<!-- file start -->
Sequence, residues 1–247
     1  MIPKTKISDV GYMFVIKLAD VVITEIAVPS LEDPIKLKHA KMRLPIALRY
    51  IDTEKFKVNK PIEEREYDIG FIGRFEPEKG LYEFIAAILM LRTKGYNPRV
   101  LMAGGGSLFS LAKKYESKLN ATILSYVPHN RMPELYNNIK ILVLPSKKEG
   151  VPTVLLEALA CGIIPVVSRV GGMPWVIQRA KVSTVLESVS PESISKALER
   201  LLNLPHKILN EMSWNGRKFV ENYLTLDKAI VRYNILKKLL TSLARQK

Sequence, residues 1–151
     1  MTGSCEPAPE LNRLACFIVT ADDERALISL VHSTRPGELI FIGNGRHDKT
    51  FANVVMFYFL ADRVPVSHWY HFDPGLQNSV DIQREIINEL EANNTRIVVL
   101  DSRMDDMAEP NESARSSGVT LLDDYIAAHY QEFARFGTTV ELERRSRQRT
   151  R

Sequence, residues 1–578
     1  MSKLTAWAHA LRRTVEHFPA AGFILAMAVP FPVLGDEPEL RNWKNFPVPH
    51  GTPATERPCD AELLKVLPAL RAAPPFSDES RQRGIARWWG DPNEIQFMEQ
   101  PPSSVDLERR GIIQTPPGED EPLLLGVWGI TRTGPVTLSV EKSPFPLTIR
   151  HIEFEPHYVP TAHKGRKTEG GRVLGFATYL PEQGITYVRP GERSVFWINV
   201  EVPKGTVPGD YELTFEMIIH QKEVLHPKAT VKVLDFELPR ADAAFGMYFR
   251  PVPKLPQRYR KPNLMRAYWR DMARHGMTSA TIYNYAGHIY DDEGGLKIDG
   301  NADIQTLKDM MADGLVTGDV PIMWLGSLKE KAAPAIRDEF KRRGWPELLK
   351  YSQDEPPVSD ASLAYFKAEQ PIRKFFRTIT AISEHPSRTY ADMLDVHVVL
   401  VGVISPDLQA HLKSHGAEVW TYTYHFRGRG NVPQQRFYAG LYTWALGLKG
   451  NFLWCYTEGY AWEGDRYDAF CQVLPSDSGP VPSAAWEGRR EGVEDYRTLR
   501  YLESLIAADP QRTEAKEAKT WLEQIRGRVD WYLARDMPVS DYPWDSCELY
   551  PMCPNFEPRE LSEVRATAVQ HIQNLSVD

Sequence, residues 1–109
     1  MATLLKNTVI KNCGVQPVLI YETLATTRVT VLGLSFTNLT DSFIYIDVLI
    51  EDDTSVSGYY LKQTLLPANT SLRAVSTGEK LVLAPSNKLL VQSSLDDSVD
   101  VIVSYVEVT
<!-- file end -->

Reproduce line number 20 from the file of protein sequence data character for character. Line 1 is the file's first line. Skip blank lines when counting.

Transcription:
   351  YSQDEPPVSD ASLAYFKAEQ PIRKFFRTIT AISEHPSRTY ADMLDVHVVL